NoVa arts venues find young adults a tough audience

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New Signature Exterior
The exterior of Signature Theater in Shirlington

This month’s talk by author Mathew Klickstein, who discussed his book Slimed! about the history of Nickelodeon, was exactly the type of event that the Jewish Community Center of Northern Virginia’s cultural arts director, Dan Kirsch, wants to produce to attract Jewish young adults.

But the small crowd that showed up at Angelika Film Center in Fairfax’s Mosaic District was a reminder of how difficult it can be to bring young people out to an artistic event.


“It’s a really hard market to capture,” says Kirsch.

Kirsch says attracting young Jewish professionals is a work in progress and that other departments at the JCCNV are also trying to figure out the way forward.

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“We’re all trying to find ways to connect – where is the population? What are the interesting themes? Is it through cultural events or does each cultural event have to have a central aspect such as food and drink?” says Kirsch, who is seeking partners and Metro-accessible locations to reach young adults,  many of whom live and work off the Metro line in places like Clarendon and Crystal City.

But even in more urban centers where young people congregate, the arts in general appear to be struggling in Northern Virginia. The Arlington County Board voted Dec. 17 to close the Artisphere cultural center in Rosslyn and approve a life-saving loan for the Signature Theater in Shirlington.


“In many cases, the people living in those areas face east when they are thinking about what to do for social life, for arts and culture,” says JCCNV Executive Director Jeff Dannick. “They look to D.C. So developing programming here in Northern Virginia, making people aware of the programming and then enticing them to come and experience the programming is challenging.”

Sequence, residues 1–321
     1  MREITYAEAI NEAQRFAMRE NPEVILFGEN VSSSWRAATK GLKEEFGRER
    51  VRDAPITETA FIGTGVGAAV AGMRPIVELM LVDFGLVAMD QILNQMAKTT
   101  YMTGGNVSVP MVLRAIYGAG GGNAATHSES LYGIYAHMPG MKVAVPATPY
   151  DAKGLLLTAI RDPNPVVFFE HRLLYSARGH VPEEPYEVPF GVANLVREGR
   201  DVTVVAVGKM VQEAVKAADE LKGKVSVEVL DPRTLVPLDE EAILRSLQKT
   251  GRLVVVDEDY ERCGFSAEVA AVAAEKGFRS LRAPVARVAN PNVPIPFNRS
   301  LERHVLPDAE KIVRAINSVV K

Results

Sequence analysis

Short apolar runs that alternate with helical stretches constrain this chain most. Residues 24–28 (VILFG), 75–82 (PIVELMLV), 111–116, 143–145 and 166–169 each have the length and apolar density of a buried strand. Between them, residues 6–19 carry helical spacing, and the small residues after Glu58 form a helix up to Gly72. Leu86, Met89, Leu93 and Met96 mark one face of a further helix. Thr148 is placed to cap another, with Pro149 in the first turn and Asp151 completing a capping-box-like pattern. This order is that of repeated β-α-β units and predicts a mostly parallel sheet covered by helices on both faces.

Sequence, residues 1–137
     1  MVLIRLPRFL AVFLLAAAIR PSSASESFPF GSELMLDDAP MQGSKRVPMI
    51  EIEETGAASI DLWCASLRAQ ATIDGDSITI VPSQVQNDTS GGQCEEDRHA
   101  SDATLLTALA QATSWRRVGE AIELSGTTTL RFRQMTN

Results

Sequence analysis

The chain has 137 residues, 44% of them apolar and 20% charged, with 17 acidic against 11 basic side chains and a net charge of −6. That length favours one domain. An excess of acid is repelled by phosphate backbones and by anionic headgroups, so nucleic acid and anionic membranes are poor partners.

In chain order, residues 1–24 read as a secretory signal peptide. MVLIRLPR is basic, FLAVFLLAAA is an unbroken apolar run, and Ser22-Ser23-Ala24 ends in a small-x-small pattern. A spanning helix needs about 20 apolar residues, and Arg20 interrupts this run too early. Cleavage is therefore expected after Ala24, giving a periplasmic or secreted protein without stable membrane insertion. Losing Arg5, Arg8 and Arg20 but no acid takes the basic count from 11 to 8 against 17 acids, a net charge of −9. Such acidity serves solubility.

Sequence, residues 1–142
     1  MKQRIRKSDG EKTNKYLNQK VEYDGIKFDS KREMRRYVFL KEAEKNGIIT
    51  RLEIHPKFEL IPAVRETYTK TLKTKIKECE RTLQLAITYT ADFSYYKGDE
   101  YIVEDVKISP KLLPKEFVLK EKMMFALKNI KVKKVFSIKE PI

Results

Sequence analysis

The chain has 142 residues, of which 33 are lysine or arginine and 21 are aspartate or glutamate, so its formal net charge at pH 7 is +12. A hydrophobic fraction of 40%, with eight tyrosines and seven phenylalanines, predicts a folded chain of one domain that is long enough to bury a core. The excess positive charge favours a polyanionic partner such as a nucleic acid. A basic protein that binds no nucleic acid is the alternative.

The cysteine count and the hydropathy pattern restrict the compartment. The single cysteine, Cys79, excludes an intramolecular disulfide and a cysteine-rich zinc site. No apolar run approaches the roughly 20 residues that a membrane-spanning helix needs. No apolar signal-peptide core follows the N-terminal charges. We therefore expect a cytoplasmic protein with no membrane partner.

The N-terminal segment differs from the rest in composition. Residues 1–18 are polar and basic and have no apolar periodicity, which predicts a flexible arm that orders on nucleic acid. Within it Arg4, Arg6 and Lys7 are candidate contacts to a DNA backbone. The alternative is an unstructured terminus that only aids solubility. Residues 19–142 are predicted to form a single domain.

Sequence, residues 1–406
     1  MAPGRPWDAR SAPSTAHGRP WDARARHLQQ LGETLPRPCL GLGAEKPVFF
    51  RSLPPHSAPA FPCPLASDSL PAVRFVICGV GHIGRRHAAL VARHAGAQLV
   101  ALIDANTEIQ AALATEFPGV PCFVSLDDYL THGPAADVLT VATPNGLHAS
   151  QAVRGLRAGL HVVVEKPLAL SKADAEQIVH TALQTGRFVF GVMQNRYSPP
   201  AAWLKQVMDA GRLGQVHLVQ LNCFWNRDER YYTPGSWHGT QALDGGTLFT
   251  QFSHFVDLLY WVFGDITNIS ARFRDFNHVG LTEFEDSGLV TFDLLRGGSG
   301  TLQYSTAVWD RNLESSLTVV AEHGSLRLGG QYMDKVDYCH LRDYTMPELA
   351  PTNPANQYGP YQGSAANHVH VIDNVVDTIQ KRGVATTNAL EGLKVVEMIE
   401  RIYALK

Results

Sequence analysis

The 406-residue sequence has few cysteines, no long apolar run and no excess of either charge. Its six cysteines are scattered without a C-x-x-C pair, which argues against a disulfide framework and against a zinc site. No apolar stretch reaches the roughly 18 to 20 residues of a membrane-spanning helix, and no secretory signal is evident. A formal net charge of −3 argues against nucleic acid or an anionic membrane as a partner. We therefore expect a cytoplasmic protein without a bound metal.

Dannick says he is saddened but not surprised by the closing of Artisphere. The JCCNV has had programs there, and Dannick calls it a “great space.” Before Dannick became involved in Jewish communal work, he worked in professional theater, managing the business end of regional theaters, so he has a keen awareness of how challenging it can be to draw audiences and financial support.

But he is still bullish on the arts in Northern Virginia and JCCNV’s arts and cultural programming.

“In Northern Virginia, particularly in Fairfax County, there is a lot of grassroots arts happening, and it’s a pretty vibrant scene for a suburban community. So I’m encouraged by that,” says Dannick. “I think that the arts are going to become even more important [as the population increases and ages] and probably will thrive as long as we can maintain our momentum and keep fighting the fight to draw people in and do good work.”

Kirsch says he is excited about a couple of upcoming events that he thinks Jewish young adults will enjoy – QuinTango, a tango performance, on Jan. 10, and the Northern Virginia Jewish Film Festival March 19-29.

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